– Department of Business
"The issue was recently discussed at the October meeting of the European Commission's Consumer Safety network and it was agreed that the current warning on packaging which says "do not use indoors" does not go far enough. The standards are going to be modified so that they provide mandatory safety warnings placed in a prominent position and directly onto packaging."
Speaking on ITV Daybreak, Stephanie Trotter, President of the Carbon Monoxide and Gas Safety Society, said:
"Any fuel that burns that is carbon based can give off carbon monoxide gas, which is absolutely deadly, even in tiny amounts.
"You might think the flames have gone down but it's still burning.
"Never, ever take anything like that into a tent or a house."
In response to a question about the absence of labelling on disposal barbecues, in particular, Stephanie says:
"I checked in my local garden centre and they all say don't use indoors but that implies it is to do with fire, not carbon monoxide poisoning.
"We've been saying since 1995 there should be TV warnings about this. When this charity started, no one would talk to us, except families of the victims.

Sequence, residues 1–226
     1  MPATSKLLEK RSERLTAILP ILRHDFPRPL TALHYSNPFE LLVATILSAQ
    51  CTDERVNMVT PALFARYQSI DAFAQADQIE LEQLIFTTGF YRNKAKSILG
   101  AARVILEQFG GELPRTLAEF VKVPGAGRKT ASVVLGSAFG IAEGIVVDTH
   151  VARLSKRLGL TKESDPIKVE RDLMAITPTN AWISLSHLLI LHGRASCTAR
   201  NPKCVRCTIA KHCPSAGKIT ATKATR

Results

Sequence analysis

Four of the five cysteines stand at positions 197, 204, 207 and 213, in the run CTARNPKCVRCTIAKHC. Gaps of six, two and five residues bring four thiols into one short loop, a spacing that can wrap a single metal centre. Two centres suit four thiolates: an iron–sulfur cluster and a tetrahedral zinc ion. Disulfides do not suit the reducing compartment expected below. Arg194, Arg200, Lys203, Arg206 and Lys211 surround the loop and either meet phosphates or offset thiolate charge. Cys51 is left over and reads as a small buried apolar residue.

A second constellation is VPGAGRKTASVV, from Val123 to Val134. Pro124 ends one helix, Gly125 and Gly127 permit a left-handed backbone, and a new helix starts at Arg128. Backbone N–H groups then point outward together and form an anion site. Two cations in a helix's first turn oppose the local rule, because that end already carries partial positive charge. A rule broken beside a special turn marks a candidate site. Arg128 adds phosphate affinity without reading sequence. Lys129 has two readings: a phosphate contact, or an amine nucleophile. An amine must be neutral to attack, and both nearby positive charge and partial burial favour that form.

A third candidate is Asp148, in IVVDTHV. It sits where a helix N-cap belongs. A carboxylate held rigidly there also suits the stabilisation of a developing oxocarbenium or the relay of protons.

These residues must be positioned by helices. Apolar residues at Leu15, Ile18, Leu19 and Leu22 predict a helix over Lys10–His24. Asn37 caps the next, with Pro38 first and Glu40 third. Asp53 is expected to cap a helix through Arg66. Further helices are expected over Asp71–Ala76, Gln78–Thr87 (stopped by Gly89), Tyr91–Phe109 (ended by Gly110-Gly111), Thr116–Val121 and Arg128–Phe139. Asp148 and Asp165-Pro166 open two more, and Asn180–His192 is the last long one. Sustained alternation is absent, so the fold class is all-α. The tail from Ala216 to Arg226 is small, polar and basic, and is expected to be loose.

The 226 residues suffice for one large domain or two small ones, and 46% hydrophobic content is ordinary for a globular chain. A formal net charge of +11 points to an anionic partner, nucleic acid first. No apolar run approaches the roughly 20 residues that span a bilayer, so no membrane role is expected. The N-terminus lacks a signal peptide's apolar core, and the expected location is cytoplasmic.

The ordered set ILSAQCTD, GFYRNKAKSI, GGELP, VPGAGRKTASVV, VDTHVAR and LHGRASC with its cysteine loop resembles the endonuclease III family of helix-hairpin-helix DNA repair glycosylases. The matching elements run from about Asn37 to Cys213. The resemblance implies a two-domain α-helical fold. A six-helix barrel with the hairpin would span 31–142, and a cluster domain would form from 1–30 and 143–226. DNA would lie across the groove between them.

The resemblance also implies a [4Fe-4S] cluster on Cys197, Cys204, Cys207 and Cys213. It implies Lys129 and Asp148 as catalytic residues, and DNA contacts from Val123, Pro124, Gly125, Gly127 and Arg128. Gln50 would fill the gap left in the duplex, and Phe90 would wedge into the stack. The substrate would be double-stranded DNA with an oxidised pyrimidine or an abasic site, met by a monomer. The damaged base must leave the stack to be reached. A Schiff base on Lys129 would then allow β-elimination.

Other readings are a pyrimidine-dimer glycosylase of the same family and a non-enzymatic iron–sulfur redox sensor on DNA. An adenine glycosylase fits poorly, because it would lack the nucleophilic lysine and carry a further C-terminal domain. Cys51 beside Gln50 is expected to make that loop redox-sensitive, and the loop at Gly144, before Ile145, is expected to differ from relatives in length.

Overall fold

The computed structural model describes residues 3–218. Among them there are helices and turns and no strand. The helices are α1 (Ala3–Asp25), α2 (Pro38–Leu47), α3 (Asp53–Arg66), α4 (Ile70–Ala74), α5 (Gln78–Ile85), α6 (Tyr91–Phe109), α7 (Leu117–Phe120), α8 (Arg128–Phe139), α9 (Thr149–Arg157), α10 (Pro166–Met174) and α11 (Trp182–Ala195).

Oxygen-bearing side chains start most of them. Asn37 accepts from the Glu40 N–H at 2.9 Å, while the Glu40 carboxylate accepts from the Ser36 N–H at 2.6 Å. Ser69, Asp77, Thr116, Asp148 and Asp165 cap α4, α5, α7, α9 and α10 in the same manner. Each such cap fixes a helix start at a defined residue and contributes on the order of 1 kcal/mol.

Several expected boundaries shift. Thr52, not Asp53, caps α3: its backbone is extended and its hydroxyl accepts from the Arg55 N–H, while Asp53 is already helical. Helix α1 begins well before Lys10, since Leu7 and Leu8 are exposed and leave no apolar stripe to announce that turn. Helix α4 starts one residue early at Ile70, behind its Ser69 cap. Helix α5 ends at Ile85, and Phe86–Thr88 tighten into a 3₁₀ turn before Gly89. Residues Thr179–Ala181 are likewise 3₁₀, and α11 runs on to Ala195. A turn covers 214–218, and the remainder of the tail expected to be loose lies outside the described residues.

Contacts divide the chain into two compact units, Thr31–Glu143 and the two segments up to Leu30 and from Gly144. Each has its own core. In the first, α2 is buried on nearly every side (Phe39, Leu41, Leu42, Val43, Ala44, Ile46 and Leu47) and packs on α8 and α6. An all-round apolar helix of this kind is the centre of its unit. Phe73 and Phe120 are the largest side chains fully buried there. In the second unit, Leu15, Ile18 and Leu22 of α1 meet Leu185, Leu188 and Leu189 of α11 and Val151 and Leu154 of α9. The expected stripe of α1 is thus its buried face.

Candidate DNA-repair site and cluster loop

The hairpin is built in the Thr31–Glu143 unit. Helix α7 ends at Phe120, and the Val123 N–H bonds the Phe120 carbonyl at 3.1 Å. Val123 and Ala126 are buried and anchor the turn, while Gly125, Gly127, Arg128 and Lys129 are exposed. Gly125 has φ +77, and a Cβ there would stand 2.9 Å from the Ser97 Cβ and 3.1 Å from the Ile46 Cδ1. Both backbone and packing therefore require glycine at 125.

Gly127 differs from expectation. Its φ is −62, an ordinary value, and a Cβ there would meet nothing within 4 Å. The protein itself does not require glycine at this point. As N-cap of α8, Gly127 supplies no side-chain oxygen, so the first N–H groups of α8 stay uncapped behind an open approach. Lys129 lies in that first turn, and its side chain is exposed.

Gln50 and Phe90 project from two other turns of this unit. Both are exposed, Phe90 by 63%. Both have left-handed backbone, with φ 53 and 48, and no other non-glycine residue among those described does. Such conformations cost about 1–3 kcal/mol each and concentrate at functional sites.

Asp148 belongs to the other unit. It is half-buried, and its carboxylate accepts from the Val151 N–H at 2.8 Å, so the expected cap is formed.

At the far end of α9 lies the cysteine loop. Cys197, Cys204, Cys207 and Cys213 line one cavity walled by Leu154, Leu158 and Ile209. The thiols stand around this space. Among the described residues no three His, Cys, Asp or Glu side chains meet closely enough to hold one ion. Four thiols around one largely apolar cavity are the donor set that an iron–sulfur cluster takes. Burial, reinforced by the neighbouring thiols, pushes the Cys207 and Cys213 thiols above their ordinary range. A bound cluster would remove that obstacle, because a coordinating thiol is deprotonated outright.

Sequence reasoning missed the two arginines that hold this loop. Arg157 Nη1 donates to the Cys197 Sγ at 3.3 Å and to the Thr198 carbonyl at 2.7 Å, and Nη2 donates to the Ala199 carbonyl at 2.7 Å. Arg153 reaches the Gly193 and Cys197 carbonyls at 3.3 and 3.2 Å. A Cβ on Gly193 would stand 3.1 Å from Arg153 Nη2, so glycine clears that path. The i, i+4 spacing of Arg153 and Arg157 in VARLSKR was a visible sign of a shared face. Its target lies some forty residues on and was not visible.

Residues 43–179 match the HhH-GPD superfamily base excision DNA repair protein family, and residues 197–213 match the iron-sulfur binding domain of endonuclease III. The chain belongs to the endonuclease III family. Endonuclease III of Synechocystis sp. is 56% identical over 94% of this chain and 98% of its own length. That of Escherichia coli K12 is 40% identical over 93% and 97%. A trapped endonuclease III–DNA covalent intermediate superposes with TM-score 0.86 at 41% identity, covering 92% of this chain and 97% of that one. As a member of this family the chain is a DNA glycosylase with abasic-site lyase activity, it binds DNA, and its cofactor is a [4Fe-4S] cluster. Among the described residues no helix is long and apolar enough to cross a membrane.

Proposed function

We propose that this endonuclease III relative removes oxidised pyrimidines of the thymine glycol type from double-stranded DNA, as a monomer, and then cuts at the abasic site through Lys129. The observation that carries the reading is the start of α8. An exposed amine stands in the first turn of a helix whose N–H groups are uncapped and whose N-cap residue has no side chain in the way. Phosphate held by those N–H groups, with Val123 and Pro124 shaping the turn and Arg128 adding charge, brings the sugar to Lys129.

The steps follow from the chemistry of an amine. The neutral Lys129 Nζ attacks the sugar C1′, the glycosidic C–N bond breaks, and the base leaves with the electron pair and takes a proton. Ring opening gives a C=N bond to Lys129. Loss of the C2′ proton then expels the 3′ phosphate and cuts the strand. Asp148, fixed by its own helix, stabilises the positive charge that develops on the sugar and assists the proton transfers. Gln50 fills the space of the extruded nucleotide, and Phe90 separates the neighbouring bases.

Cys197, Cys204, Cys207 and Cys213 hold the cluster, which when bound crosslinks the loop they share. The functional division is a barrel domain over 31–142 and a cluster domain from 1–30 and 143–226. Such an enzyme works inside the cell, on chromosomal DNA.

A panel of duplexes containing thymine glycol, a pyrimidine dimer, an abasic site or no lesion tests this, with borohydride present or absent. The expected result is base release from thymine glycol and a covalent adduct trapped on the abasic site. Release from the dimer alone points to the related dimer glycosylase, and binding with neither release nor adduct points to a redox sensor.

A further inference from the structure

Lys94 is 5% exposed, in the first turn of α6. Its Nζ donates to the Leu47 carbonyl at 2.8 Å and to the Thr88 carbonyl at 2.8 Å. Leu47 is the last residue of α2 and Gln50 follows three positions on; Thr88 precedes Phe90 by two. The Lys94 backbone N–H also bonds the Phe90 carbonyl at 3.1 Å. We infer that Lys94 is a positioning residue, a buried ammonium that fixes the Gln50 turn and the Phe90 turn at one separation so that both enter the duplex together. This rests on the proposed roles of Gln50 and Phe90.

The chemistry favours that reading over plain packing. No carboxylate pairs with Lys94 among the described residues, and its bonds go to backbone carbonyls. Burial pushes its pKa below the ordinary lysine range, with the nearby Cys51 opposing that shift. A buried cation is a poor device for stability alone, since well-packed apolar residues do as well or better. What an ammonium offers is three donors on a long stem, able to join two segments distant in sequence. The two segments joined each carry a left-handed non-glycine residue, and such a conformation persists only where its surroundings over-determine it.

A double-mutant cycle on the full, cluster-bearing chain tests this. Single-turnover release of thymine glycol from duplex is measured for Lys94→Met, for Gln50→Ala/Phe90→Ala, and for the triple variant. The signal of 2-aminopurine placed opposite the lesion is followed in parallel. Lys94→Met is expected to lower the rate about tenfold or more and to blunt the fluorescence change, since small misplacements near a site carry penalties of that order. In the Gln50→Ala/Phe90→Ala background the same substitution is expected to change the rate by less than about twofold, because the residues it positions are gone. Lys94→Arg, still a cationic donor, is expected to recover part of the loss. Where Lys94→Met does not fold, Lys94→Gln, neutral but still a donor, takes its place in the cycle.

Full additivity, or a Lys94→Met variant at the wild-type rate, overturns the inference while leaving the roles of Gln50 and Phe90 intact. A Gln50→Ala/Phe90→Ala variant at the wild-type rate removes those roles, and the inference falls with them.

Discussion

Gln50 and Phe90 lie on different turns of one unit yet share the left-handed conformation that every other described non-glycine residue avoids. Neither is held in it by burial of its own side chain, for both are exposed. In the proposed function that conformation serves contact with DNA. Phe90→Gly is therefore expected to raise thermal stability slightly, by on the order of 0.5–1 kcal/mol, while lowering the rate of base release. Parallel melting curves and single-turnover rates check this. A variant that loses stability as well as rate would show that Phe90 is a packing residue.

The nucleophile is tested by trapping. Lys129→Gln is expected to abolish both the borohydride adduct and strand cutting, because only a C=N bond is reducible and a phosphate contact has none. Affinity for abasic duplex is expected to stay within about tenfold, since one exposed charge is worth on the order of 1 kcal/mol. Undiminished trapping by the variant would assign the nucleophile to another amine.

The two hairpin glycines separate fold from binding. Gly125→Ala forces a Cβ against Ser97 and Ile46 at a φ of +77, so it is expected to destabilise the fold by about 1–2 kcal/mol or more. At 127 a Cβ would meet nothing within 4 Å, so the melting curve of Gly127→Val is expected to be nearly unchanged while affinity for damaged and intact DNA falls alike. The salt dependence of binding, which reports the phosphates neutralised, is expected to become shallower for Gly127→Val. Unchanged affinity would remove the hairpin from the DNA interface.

"They told us they were ill or there child died ad they had no idea what carbon monoxide poisoning was'
"It cannot be sensed. Less than two per cent of carbon monoxide can kill you in two to three minute.
"The first breath might make you woozy, the second might make you unconscious and the third breath means you are dead.
"Why are we not being warned. Why is industry and government doing so little. We've been asking for this for 20 years."
There's more on this story here on ITV News
Tributes have been paid to a girl who died at a Shropshire campsite after apparently becoming overcome with carbon monoxide fumes from a barbecue.
The youngster has been named locally as Hannah Thomas-Jones.
Friends of a teenage girl who was killed in a campsite tragedy, thought to have been caused by a disposable barbecue, have been putting tributes on a Facebook page.
The teenager was named locally as Hannah Thomas-Jones.
David Walker, head of Leisure Safety at RoSPA - The Royal Society for the Prevention of Accidents - says unless tents have a specific area for cooking, barbecues should be used outside in well ventilated areas so fumes can be dispersed into the air.
Fellow camper Geoff Brookes from Kidderminster, said the family had taken a barbecue stove into one of the tents because it was cold.
– Geoff Brookes
We heard they had taken a barbecue stove into the tent. Carbon monoxide is a silent killer. There was nothing they could do for the girl.
The scene remains cordoned off tonight.